It has already been a year since the adoption of the “Grand Bargain”, a global agreement made at the World Humanitarian Summit to save up to a billion US dollars over five years by reducing inefficiencies in how humanitarian aid is provided. How well are we doing? Are things actually changing where they are supposed to? Is humanitarian aid becoming more efficient and effective?
The dust has settled on the World Humanitarian Summit but many of the issues discussed at the conference a few weeks ago still dominate the headlines. The devastating impact of the Syrian conflict on civilians. The endless influx of migrants and refugees into Europe. The increasing gap between funding needs and shrinking aid budgets. Is there really something we can do to improve humanitarian aid despite this worrying picture?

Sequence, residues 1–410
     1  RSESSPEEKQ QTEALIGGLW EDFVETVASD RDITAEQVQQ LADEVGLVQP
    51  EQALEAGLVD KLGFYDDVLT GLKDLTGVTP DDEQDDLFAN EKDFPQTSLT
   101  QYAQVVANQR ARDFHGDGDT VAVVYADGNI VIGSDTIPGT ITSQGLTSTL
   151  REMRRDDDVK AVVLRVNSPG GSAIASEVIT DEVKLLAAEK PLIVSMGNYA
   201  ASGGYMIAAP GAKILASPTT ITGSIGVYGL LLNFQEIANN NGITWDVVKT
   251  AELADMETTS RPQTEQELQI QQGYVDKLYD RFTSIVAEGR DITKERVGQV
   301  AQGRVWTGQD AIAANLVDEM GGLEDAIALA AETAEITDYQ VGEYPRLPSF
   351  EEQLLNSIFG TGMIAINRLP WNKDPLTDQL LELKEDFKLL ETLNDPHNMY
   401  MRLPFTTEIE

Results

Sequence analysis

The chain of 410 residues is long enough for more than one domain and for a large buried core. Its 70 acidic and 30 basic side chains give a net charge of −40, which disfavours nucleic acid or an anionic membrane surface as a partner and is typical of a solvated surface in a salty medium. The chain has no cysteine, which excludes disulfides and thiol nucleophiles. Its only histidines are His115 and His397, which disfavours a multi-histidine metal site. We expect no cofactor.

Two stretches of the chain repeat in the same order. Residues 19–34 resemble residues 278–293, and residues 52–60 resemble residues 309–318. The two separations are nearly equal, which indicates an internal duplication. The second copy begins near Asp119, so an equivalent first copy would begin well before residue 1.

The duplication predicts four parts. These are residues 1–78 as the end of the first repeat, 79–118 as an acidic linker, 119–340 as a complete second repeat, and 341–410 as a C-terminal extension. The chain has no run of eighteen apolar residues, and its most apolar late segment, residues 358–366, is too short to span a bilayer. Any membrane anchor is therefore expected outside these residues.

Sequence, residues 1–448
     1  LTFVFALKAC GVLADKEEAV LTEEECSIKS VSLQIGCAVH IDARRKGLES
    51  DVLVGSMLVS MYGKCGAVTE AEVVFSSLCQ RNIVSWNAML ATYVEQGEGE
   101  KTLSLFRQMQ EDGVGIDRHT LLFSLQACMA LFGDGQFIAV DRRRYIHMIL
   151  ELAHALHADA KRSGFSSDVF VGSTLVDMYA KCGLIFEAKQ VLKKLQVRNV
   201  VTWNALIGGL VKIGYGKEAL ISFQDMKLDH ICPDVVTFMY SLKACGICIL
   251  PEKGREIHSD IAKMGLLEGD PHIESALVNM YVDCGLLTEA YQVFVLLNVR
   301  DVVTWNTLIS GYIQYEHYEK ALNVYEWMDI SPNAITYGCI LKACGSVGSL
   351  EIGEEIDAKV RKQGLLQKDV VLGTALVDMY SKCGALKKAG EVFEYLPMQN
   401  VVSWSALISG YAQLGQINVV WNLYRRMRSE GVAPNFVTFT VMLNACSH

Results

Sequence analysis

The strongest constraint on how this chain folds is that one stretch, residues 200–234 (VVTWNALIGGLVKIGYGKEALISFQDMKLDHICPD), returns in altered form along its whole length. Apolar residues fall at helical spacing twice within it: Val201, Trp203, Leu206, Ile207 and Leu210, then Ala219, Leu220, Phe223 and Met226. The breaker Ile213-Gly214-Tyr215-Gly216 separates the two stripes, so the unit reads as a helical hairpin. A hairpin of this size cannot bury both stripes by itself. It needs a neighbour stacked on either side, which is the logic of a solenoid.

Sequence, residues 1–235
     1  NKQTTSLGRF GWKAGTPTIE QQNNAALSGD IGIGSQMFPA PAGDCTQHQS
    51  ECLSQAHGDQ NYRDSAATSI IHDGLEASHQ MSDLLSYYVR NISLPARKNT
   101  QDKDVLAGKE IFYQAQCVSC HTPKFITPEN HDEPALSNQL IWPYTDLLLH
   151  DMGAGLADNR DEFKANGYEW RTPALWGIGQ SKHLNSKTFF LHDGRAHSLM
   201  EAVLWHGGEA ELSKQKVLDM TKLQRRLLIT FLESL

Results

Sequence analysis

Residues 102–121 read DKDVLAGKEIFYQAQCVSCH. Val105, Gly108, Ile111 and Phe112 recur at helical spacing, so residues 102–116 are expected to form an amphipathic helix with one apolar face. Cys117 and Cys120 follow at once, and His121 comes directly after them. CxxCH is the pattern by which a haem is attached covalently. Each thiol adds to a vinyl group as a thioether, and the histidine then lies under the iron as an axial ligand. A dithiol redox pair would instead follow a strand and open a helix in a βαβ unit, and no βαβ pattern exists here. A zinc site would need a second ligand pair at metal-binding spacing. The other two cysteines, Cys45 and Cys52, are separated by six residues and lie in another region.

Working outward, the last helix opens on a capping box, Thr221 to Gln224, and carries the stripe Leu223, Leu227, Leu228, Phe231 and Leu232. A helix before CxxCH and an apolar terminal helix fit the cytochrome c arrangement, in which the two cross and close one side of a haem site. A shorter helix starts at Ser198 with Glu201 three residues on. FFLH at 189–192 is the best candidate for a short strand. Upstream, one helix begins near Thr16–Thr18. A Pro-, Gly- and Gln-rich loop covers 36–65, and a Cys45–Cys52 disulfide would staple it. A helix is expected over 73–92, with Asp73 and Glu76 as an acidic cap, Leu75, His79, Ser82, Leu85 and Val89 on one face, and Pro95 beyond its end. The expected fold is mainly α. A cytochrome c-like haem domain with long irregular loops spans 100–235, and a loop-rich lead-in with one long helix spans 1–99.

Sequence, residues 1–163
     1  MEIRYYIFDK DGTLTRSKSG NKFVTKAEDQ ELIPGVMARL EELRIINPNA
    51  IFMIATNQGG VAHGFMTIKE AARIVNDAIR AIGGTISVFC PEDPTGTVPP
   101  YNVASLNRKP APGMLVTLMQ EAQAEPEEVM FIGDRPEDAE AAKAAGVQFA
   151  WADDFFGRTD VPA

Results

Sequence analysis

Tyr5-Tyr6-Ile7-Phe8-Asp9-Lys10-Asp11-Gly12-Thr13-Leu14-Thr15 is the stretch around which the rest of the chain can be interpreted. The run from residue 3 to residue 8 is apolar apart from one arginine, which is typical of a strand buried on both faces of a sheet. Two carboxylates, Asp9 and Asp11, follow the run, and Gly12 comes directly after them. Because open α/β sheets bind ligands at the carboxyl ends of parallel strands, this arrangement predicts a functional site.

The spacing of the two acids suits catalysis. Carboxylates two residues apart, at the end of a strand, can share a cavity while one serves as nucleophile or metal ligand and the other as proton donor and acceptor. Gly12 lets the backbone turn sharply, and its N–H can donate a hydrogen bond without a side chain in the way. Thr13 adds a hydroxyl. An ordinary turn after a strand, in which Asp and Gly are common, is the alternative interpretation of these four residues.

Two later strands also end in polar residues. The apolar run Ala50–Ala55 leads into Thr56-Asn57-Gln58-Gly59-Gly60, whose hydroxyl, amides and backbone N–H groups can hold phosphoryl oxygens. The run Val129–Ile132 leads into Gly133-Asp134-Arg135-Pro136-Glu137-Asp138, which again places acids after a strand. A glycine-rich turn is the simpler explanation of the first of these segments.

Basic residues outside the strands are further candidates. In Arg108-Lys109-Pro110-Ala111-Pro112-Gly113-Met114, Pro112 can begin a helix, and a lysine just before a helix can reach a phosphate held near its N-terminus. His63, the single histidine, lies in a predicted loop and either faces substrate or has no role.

The first-ever World Humanitarian Summit is over, with mixed results. For those, including me, who were hoping the discussion would tackle some of the root causes of humanitarian crises, like the lack of political solutions to fundamentally political problems, the conference was a missed opportunity. At the same time, the summit turned out to be positively surprising, focusing the attention on issues that are normally sidelined in global discussions or, even worse, labelled as ‘charity’.